risk management | TechWell

risk management

Risk management checklist A Checklist for Managing Go-Live Decisions and Risks

If you have to replace a complex existing data system in production, decisions about when and whether to go live should be treated with gravity and care. One process that can help keep you honest is developing checklists that describe very clearly what is expected to be accomplished and verified at each milestone.

Payson Hall's picture
Payson Hall
Locks on a red fence, photo by Jon Moore A Definition of Done for DevSecOps

In DevOps, we have a software delivery pipeline that checks, deploys, and tests every build. The goal is to produce a viable candidate for production, so we have to look at many different aspects of quality, including security. To be sure we hit all the crucial marks, we should have a definition of done for DevSecOps.

Gene Gotimer's picture
Gene Gotimer
Climbing tower on a playground, photo by Basil Lade Creating an Environment That Encourages Resilience

Creating environments at work that acknowledge that failures will happen—and supporting the efforts team members make to recover—can help your organization become more effective. You cannot predict every challenge, but by embracing risk and providing opportunities for people to experiment, you can be more productive.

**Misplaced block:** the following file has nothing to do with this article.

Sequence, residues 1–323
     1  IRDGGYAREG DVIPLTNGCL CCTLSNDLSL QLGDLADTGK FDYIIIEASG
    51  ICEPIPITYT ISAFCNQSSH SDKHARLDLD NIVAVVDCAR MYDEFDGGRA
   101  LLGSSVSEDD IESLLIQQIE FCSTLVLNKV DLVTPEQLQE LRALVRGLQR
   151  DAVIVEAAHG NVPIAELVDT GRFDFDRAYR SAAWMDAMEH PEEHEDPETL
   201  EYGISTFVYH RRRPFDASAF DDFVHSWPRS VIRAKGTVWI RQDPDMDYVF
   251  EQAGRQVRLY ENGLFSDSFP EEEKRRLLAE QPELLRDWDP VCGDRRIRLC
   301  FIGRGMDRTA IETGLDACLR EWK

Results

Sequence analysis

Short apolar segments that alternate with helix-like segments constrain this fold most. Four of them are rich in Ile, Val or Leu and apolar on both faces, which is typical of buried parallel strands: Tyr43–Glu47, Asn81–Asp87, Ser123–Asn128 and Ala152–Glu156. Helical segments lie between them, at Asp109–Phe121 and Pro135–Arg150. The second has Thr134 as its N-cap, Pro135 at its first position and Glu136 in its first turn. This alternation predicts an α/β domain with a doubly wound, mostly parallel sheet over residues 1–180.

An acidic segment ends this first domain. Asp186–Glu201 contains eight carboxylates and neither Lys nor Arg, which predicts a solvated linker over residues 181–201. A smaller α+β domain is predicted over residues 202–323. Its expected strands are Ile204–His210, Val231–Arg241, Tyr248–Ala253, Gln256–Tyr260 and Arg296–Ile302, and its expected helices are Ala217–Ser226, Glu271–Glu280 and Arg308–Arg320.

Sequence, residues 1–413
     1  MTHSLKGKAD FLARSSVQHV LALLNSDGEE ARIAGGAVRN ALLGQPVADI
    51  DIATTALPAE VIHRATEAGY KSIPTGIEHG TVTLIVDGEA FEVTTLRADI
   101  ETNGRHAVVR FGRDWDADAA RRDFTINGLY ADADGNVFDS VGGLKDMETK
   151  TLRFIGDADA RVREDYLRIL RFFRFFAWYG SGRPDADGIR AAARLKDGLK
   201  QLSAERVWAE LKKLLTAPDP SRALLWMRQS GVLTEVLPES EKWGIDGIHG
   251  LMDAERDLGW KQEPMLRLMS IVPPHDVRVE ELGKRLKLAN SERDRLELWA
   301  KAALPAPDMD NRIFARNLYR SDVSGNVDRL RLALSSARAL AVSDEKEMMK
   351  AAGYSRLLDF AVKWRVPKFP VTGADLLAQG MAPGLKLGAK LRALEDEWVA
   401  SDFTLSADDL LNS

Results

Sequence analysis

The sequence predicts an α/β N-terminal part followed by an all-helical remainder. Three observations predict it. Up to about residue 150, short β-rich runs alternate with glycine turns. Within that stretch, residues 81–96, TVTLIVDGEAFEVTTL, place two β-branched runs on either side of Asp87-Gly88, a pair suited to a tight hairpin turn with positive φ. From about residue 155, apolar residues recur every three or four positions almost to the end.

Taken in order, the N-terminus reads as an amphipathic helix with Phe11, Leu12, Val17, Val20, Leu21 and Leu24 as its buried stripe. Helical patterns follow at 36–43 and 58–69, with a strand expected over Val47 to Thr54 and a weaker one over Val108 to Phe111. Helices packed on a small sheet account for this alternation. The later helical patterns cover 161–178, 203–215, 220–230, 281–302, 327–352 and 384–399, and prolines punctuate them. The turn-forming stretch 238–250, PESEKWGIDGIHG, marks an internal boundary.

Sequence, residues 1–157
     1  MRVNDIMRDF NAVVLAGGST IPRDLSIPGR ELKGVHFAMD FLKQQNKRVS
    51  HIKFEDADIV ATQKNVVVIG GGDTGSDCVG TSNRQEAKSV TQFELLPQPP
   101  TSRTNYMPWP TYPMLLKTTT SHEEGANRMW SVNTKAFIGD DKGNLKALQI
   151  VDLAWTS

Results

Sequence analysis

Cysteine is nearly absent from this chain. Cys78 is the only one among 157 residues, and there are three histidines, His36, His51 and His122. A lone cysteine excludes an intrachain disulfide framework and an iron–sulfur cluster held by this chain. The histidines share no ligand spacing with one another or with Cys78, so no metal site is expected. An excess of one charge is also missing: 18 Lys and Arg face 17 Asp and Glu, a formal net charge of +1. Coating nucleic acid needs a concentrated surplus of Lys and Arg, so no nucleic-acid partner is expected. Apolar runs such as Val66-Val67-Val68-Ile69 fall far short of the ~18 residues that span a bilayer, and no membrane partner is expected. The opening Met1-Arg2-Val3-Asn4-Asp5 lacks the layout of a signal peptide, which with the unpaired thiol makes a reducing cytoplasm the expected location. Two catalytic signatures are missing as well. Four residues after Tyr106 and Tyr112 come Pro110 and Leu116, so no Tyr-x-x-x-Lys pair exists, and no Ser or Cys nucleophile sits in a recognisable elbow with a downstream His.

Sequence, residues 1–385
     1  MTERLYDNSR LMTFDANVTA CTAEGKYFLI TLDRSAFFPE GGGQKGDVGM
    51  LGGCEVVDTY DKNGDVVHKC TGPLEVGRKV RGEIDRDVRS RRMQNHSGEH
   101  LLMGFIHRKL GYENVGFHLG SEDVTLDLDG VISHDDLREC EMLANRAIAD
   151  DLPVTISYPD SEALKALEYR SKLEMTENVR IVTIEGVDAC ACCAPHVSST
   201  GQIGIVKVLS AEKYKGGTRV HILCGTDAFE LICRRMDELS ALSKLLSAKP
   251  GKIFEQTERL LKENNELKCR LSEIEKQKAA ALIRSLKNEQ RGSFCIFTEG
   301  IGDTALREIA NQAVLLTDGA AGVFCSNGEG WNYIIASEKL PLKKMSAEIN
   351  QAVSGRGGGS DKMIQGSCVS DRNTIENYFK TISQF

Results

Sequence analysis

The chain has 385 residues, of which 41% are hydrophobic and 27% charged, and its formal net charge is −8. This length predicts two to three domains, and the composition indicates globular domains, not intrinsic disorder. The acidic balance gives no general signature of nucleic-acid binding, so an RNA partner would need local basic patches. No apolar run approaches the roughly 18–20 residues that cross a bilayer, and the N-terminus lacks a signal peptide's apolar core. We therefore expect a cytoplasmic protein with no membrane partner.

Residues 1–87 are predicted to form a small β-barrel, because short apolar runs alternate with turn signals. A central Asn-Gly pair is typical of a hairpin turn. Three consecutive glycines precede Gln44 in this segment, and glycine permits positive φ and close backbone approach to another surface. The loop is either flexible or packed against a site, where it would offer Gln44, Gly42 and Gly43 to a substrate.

Steve Berczuk's picture
Steve Berczuk
Plane coming in for a landing, photo by Sebastian Grochowicz How Do We Land This Thing? Planning for Go-Live and Beyond

Some project managers have little experience bringing a project in for a landing, so they can be dismayed or just blindsided by organizational change needs and stakeholders’ expectations at delivery. Here is a checklist of some commonly forgotten items to address when a project goes live, so be sure to plan for them.

Payson Hall's picture
Payson Hall
Arrows pointing to old way and new way An Agile Approach to Change Management

Many organizations are reluctant to introduce new tools or technologies, or even to update existing ones. The reason is often framed in terms of risk management, but agile teams already have the tools to manage the risk of change: testing and experiments. These approaches together eliminate gaps in risk identification.

Steve Berczuk's picture
Steve Berczuk
Arrow expanding testing Continuous Exploratory Testing: Expanding Critical Testing across the Delivery Cycle

Continuous testing entails executing automated tests to obtain rapid feedback on business risks. Where does that leave exploratory testing? Obviously, it doesn’t make sense to repeat the same exploratory tests across and beyond a sprint, but exploratory testing can be a continuous part of each software delivery cycle.

Ingo Philipp's picture
Ingo Philipp
On-off switch Using Feature Flags to Boost Testing and Deployment

A feature flag is a configuration setting that lets you turn a given feature on or off. There is no need for a feature to be complete before you can start testing—as soon as the first piece of code is merged, you can turn the flag on in your test environment and begin. This also reduces risk. Do you use feature flags?

James Espie's picture
James Espie
Cyber security 4 Cyber-Security Actions to Protect from Attacks

With breaches and computer hacks, companies constantly need to keep information safe. If there are loopholes in your security process, you are putting your product—and customers—at risk. Here are four actions every security-conscious company and individual should implement to avoid becoming a victim of cyber attacks.

Ray Parker's picture
Ray Parker